An adult man and woman require 2,500 and 2,000 calories respectively, per day, to maintain their weight. This doesn’t change during a recession, and companies that provide the basic staples of a diet will not be massively disrupted by it. Faced with a TAM ceiling of population * calories, over the years, food companies have reduced the nutritional content of their food in order to encourage more snacking, to counteract this ceiling.

When you look at consumer goods conglomerates, say a Proctor & Gamble or Unilever, their portfolio is stacked with household staples and brands that cater to various tiers of budgets. Such a strategy ensures that they have malleability to cope with demand spikes, whereby during a recession their performance may oscillate between consumer preferences, but still maintain overall sales levels.

The same concept applies to companies selling hygiene products for the self, or house, in addition to pet supply businesses.

Heritage Luxury Brands: Respected Quality

Luxury goods, despite the high price tag, are surprisingly resilient to recessions. For heritage brands with generations of experience and brand cache, a recession can actually lead to more consumers switching to it due to their tastes becoming more discerning. A large component of the price of a luxury good is the intangible promise of quality, prestige, and long-lasting value. Luxury watches, for example, are promoted as heirlooms to be passed down through generations.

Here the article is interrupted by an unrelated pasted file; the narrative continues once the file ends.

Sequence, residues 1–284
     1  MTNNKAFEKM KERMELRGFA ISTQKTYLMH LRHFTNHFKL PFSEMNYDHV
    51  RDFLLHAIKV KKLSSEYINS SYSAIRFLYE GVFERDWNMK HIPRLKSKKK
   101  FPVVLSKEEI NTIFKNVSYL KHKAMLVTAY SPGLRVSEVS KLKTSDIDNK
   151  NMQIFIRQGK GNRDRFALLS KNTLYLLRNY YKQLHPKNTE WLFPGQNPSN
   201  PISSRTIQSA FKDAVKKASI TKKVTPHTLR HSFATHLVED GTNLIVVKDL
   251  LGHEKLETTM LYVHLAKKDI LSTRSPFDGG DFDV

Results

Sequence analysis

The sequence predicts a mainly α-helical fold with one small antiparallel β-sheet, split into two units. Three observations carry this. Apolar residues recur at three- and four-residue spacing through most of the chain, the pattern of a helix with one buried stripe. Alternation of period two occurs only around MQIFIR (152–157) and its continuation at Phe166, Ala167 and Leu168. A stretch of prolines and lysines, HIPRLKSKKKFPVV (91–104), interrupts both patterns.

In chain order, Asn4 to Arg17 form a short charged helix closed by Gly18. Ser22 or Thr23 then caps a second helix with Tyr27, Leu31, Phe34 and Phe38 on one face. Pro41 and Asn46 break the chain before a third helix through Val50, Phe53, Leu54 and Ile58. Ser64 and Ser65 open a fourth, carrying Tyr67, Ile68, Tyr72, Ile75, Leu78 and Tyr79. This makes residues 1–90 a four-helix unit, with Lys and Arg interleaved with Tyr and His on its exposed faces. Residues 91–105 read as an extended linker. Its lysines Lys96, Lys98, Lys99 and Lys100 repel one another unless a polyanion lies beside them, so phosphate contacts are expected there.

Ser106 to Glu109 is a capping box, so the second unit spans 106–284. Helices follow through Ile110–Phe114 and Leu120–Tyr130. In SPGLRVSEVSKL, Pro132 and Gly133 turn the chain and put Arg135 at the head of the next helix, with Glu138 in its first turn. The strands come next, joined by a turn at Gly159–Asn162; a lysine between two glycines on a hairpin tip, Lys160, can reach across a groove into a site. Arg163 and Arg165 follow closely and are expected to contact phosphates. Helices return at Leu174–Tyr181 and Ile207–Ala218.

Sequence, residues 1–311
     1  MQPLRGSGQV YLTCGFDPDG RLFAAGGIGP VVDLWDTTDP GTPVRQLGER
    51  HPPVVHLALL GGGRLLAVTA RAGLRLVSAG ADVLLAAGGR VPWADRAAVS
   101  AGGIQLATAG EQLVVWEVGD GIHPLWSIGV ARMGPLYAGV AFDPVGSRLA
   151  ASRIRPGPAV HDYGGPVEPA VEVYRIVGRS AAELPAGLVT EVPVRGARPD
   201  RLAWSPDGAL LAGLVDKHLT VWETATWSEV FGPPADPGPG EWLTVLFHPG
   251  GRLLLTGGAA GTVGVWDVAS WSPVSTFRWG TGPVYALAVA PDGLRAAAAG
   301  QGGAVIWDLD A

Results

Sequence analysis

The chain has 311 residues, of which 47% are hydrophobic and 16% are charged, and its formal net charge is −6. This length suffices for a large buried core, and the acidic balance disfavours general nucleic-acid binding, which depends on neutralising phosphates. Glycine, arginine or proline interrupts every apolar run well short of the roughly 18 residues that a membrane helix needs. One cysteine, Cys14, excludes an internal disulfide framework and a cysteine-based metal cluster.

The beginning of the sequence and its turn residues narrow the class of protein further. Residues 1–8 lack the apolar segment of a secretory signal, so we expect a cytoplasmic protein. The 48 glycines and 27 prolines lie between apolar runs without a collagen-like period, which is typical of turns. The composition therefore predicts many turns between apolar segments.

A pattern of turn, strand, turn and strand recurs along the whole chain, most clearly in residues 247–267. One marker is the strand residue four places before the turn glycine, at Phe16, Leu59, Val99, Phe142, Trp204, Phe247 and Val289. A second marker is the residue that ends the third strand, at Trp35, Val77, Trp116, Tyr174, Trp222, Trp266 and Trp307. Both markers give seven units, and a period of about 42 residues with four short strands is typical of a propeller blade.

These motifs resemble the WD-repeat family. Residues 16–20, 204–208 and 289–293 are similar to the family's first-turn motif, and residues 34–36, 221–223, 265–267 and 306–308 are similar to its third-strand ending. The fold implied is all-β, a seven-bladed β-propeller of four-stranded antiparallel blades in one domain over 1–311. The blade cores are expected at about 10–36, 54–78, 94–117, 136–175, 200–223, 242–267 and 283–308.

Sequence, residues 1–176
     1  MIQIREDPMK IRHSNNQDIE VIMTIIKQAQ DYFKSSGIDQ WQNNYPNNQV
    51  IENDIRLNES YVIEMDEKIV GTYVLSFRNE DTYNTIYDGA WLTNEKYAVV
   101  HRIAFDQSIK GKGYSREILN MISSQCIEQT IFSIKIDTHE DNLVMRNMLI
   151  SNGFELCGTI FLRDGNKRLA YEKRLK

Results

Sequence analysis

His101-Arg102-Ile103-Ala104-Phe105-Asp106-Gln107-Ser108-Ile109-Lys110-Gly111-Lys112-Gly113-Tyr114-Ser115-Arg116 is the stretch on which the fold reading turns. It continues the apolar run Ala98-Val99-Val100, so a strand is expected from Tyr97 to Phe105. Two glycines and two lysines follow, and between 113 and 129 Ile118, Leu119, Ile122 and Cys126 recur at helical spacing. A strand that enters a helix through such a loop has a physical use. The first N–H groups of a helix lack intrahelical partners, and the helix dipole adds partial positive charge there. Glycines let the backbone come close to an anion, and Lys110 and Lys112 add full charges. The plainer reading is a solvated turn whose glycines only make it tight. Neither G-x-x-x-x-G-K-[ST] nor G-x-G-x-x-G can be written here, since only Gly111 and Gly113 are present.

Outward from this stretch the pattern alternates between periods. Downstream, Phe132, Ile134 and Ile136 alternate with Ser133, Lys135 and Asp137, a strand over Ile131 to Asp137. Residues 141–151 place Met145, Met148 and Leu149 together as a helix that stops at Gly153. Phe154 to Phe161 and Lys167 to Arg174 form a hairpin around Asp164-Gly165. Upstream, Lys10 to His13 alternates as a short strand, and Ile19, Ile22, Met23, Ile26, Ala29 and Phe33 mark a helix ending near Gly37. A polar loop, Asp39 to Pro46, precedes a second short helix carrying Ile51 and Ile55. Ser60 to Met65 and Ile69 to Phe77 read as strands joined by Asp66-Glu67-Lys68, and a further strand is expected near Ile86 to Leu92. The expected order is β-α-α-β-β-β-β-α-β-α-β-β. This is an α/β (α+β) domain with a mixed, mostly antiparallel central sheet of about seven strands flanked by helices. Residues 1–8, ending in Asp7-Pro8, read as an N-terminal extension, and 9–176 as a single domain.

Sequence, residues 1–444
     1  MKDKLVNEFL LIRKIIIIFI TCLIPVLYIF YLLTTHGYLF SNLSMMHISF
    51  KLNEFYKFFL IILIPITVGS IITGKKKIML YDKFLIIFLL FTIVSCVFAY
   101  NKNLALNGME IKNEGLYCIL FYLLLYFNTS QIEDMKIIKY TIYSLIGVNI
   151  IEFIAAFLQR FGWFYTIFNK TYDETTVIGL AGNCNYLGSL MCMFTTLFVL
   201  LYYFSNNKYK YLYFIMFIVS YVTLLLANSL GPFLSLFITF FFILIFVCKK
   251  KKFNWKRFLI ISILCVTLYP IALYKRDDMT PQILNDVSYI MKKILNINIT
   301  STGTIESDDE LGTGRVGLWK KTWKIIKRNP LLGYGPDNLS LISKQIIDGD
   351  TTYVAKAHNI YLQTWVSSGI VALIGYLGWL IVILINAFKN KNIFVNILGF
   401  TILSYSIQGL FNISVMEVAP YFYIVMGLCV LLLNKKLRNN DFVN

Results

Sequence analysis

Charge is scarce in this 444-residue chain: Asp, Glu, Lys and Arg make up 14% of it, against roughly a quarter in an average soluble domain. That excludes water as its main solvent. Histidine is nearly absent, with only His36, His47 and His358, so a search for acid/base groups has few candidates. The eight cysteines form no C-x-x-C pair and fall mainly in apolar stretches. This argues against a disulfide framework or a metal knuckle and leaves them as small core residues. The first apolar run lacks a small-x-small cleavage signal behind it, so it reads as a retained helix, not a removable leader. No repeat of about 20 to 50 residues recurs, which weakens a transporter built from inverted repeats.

Inflation does not necessarily go in tandem with recessions, but during such times of inflation, luxury goods demand rises as the good holds value and will not depreciate. Argentina is blighted by inflation; you see businesses spend every dollar on quality inventory to build up huge runways as an inflation edge. That’s because they are buying goods that do not lose value.

Vices: Addictive Pleasures

The best way to describe what bonds this section together within an economic concept would be to group activities that are addictive. Addiction is inelastic, and as such, alcohol, nicotine, and gambling are pastimes that can weather economic storms. You could also class sugar and caffeine into this bracket too. There is also the more abstract point, that said activities can be “escapes”, which during hard times can be a necessary relief for worried consumers. During the 2008 US recession, alcohol sales rose by 9%.

Creating addiction is a taboo subject, yet many businesses seek to create such a euphoria about their offerings with users in the hope of creating inelasticity. Internet businesses have ramped up consumer intelligence and behavior monitoring to very elaborate levels. You could look products like social media, the infinite scroll, and in-app purchases in games, as a means of creating addictive loyalty.

Healthcare: Necessity

Businesses that focus on healthcare provision are generally stable concerns that will not be affected by recessions. This is due to the simple fact that health is a mortal matter that must be tended to and will take a spending priority over everything else.

Many sub-sections can apply to this sector, resident care being one such example. Going forward, the aging demographics of the wealthy baby-boomer generation hitting retirement offers signs that healthcare spending will stay steady.

Budget Travel: Value